Siria is a creative and innovative marketer with a passion for the arts and empowering the next generation. She just joined the Music Forward team in December and her experience and passion align perfectly to help raise awareness of the great work our organization is doing nationwide!
Siria grew up in Bakersfield, California, and began her career at Variety. Since then, she has been key in leading marketing initiatives for NBC, CBS, and AT&T/DIRECTV managing content strategy, live streaming, experiential, branding, and campaign launches for #1 shows and specials such as GRAMMYs®, TONYs®, Kennedy Center Honors, The Late and Late Late Shows (Stephen Colbert & James Corden), Big Bang Theory, and more.
In addition to her extensive career, Siria spends her spare time working as a founding member of music non-profit Rock n’ Roll Camp for Girls L.A. and the Nourish Foundation, listening to all kinds of music, and coming up with solutions to the world’s biggest problems.
We caught up with Siria to learn more about her pathway in entertainment and the social sector:
1. How did you get started in your field?
I went to school for fashion initially but quickly switched over to marketing, and ended up being recruited by Variety after graduating. After my role with Variety, I stayed in entertainment because I loved the fast-paced nature of it.
In college, I was active with internships, community, and the arts (I volunteered for nonprofits, put on fashion shows for a cause, produced music and art shows, etc.). Variety was looking for someone that could easily fall into their fast-paced environment and saw that I was someone proactive and self-starting. I recall that I started working with them right at the kick-off of an awards season that year which is typically their busiest time of year so I became well-versed with the entertainment industry quite quickly.
I would encourage college students to do the same, try to do things that will set you apart but that are authentic. Find the qualities that are needed for the type of role you are seeking and try to find ways to gain more experience whether it’s paid or volunteer work, both will help you, in the long run, to stand out. Oftentimes, you can create your own opportunities nowadays.
2. What do you love most about your role (so far)?
In late 2018, I made a general resolution that I would try to only work on things that I care about and am passionate about. Music Forward is the perfect hybrid of the entertainment industry that I love, and the social justice focus and inclusivity-minded approach that nonprofit organizations bring to the world, which is rare.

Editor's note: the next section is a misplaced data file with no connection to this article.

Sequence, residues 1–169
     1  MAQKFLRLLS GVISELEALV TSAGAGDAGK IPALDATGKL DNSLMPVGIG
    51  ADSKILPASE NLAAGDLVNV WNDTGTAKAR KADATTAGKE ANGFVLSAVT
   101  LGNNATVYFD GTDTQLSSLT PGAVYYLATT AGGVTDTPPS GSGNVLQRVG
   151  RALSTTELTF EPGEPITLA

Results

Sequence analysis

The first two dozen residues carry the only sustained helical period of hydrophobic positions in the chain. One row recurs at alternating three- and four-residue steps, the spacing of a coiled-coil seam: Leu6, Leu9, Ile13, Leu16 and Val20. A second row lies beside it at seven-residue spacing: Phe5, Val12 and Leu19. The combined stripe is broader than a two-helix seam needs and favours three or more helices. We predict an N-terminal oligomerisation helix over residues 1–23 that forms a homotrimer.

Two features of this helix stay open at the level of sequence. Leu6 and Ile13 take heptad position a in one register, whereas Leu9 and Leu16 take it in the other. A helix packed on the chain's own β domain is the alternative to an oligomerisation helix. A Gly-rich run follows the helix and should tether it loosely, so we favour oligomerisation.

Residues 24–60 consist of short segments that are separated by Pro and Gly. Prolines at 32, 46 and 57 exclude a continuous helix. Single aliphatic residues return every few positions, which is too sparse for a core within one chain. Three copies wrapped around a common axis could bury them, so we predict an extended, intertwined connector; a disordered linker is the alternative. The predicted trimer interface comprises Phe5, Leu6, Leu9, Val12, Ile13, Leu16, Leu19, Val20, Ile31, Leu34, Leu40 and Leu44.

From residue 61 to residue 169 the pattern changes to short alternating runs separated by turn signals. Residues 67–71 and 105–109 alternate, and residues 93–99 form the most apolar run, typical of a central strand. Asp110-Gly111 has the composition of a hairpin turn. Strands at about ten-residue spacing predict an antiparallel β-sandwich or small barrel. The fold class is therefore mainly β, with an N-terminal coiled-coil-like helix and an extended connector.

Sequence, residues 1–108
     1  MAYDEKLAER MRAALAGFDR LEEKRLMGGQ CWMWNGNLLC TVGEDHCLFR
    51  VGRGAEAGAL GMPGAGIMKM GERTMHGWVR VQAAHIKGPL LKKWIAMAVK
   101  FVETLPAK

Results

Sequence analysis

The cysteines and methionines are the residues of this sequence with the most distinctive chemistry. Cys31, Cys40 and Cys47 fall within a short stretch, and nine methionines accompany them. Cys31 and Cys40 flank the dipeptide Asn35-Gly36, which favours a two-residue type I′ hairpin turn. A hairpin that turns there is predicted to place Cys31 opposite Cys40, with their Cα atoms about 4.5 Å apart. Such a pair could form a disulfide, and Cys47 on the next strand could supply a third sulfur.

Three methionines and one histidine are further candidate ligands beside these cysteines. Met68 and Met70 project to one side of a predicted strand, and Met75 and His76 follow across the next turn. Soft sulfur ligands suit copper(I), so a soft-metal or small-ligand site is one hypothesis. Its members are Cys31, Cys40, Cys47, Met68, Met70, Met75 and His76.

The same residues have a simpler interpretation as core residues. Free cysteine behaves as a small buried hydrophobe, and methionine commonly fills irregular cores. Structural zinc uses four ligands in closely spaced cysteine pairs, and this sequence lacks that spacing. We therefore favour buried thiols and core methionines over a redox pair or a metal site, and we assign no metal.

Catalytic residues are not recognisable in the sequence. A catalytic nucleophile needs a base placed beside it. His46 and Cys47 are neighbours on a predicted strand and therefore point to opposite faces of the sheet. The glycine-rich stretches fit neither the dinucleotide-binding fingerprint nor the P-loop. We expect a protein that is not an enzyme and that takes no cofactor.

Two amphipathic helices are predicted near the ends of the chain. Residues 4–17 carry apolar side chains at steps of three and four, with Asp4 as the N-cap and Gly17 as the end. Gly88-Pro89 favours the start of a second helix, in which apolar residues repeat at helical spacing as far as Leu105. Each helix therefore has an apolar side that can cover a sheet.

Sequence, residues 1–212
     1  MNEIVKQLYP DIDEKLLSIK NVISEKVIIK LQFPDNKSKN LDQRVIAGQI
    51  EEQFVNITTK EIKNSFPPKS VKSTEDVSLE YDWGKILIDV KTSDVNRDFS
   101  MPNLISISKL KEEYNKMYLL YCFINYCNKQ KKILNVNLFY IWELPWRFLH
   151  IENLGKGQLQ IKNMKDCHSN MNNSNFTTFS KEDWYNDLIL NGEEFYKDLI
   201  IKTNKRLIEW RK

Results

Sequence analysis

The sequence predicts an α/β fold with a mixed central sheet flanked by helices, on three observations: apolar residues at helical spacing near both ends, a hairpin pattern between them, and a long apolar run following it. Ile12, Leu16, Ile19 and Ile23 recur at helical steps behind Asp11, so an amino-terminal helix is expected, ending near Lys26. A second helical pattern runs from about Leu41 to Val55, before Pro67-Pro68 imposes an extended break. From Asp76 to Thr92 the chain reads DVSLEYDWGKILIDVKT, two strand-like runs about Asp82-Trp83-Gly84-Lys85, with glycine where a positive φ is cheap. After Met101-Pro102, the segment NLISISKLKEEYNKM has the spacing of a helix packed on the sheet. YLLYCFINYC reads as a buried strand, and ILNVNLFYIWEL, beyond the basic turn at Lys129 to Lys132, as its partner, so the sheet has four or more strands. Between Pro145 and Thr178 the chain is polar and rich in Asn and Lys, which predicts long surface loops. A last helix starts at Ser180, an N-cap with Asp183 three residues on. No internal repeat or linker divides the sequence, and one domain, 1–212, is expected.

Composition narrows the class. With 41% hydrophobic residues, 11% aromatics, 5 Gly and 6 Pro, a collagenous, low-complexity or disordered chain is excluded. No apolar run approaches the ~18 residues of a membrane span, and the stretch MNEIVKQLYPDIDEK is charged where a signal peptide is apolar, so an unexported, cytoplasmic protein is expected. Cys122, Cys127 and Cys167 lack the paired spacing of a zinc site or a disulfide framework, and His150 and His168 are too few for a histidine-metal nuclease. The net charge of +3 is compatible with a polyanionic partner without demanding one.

I love that this organization helps provide access and opportunity in the music industry to youth from underserved communities. The work that we do here has real, tangible impact and will lead to the change that we want to see in the industry by opening up more opportunities for people from all backgrounds. While we’re a small team, the mission-driven approach of passionate, caring, and capable individuals creates a sense of family, which I think is something that we project out into the world.
3. Can you recall a memory that inspired you to fill the role you’re in now?
While creative and innovative, I’ve also considered myself to be a problem solver. In high school, there was an unsafe intersection near my school that I felt nobody was paying close enough attention to; every day there seemed to be at least one accident at this same location. I had just helped start our high school newspaper, so I wrote an article about the intersection to draw more attention to the problem and further investigate the source of the issue. A parent happened to see it and long-story-short, I ended up getting to work with a city council member, attend city council meetings, and eventually got a traffic light installed.
That experience taught me early on the impact that one person can have– what you do makes a difference, big or small. I’m lucky enough to have never felt limited in what I can do thanks to my encouraging family, and I’ve learned to always be resourceful, persevere, and to focus on solutions instead of problems.
4. What advice do you have for the younger generation?